Symbols, Cancer Cells According to a latest study, men may have an increased 16% chance of developing cancer as compared to women. Not only this, it is also believed that they may have almost double the chance of dying from this disease than the fairer sex. This study was stated to have been jointly published by the National Cancer Intelligence Network (NCIN), Cancer Research UK and Men’s Health Forum.

Seemingly after excluding the cancers specific to a particular sex (like prostate cancer or breast cancer) the experts found that men seemed to have a 60% greater risk of developing cancer and a 70% increased risk of dying from this disease.

Even lung cancer was stated to have been removed from the analysis because this disease, which mainly affects men, was believed to mostly take place due to smoking. Following this removal, the experts hoped to discover similar statistics for cancer risk in both men and women. However it was discovered that men still seemed to have a higher risk of cancer than women.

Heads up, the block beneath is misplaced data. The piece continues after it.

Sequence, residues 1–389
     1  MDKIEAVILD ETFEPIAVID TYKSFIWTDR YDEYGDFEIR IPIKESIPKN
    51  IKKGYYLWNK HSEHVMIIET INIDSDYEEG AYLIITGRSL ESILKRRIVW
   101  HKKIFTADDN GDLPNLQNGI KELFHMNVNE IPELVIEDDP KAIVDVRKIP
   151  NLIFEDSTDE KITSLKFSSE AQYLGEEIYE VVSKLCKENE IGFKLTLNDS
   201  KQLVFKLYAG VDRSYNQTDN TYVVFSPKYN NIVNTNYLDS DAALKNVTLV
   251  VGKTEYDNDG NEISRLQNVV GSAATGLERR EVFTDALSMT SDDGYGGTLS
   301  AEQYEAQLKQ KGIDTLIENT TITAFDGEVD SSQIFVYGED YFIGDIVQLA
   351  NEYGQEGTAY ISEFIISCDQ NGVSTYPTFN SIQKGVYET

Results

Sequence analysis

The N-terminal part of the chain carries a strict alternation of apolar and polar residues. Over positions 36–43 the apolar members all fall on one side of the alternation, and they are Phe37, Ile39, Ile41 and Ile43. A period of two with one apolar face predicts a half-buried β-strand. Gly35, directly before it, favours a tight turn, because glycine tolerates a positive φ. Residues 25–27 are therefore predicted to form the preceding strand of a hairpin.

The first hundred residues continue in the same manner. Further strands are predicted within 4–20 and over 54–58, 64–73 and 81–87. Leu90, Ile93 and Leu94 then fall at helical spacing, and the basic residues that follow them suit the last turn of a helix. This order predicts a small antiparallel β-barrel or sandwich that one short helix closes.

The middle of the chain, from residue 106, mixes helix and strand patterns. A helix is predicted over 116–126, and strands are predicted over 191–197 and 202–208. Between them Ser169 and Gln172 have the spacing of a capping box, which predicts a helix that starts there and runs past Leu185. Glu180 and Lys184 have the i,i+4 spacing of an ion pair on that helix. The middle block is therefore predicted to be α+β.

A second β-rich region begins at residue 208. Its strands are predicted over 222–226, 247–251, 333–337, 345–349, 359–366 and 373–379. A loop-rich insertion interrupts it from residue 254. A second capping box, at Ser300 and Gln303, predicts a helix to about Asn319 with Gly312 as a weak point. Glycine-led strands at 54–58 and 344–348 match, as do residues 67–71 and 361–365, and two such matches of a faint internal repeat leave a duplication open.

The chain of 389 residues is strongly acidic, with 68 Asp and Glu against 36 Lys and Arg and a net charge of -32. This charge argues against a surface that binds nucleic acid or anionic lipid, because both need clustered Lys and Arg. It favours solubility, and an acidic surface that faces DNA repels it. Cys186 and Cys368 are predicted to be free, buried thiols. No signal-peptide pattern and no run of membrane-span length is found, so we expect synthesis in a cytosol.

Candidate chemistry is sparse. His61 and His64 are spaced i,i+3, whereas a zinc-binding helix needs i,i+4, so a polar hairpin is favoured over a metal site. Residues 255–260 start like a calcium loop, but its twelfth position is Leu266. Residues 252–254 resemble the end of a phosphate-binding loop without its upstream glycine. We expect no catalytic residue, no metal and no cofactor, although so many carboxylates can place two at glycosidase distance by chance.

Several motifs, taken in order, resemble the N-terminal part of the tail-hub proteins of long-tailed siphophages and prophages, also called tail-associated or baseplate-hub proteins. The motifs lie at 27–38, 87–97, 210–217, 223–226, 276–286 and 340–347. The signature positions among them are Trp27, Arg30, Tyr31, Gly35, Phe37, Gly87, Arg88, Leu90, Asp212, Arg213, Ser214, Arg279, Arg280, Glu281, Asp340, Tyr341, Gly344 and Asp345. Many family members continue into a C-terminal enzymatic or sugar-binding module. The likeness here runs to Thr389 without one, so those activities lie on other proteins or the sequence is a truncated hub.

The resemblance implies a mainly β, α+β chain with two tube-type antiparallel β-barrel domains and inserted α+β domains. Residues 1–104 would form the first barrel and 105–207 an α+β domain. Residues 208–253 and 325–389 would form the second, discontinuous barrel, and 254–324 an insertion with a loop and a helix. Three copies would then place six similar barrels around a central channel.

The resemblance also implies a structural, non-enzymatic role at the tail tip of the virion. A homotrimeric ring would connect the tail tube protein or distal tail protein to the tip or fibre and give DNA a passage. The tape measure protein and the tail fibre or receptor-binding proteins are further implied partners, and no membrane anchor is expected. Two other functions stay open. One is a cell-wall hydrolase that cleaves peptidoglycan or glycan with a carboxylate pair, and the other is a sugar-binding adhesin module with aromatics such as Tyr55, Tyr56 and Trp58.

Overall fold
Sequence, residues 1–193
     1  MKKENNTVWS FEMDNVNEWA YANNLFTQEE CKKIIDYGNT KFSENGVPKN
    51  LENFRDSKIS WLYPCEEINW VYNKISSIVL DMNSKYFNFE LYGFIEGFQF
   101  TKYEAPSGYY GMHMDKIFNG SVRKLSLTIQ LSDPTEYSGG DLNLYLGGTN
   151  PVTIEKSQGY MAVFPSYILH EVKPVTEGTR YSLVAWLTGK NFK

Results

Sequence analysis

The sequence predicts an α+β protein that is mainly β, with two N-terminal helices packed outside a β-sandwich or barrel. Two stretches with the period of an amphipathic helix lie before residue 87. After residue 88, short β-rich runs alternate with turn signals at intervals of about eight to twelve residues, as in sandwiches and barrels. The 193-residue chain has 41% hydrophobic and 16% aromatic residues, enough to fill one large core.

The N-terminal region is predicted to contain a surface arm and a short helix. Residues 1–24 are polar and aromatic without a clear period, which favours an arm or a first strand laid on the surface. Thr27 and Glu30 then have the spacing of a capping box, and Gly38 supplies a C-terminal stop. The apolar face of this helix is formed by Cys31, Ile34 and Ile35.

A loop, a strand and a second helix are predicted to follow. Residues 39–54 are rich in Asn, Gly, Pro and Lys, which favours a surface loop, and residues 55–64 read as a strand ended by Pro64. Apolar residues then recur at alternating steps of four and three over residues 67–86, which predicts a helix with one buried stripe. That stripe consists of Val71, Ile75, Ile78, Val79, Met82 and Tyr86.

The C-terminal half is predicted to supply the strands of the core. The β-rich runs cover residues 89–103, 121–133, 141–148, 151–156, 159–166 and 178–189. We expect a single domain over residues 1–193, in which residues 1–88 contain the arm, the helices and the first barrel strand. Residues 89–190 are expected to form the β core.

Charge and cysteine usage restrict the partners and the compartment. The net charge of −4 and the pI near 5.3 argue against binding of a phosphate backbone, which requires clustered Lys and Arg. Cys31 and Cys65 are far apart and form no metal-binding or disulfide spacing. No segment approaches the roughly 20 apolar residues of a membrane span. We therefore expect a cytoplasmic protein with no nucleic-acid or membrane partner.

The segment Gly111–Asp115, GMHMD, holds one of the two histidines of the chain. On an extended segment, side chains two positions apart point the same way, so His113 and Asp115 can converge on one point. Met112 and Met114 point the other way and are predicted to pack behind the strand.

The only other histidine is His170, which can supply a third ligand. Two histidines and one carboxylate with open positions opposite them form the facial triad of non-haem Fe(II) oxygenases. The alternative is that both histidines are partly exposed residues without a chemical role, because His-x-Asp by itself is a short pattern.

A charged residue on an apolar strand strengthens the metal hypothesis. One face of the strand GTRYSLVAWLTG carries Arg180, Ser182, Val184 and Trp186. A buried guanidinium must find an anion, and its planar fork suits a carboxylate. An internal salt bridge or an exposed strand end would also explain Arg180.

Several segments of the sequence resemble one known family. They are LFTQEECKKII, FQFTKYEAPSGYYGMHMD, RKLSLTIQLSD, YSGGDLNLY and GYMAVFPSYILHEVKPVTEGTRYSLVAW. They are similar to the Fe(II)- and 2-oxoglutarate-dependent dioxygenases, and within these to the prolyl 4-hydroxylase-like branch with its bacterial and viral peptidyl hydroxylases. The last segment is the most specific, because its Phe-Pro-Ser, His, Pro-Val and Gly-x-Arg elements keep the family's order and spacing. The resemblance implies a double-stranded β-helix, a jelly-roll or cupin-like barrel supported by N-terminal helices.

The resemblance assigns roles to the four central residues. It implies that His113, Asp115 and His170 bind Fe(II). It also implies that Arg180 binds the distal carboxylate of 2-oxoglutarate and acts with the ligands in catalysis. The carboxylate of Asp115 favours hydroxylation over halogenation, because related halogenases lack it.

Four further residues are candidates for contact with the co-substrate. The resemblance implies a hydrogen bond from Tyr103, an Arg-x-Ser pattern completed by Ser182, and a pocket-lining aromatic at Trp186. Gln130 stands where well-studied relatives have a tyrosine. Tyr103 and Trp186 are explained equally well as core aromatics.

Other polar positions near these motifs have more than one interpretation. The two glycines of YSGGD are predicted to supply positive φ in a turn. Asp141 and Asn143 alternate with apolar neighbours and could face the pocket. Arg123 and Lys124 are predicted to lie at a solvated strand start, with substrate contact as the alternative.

The reason for this disparity is hypothesized to be due to the stereotypical behavior of men; for instance an unhealthy lifestyle, down playing to the early signs of disease symptoms, etc.

“For many of the types of cancer we looked at that affect both sexes, there’s no known biological reason why men should be at a greater risk than women, so we were surprised to see such consistent differences,” says Professor David Forman, information lead for the NCIN. “After taking out the effect of age, men were significantly more likely than women to die from every one of the specific types of cancer considered and, apart from melanoma, they were also significantly more likely to develop the disease.”

Professor Forman also states that men may have a higher risk because they are believed to be lesser health conscious than women. Therefore he further adds that, “What we see from this report could be a reflection of this attitude, meaning men are less likely to make lifestyle changes that could reduce their risk of the disease and less likely to go to their doctor with cancer symptoms. Late diagnosis makes most forms of the disease harder to treat.”

Having said this, the experts have also stated that such diseases, if diagnosed early on may have a higher chance of being successfully treated. Therefore postponing a visit to the doctor for such cancers may prove to be a dangerous choice. This delay could further increase the ratio of men succumbing to this disease as compared to women.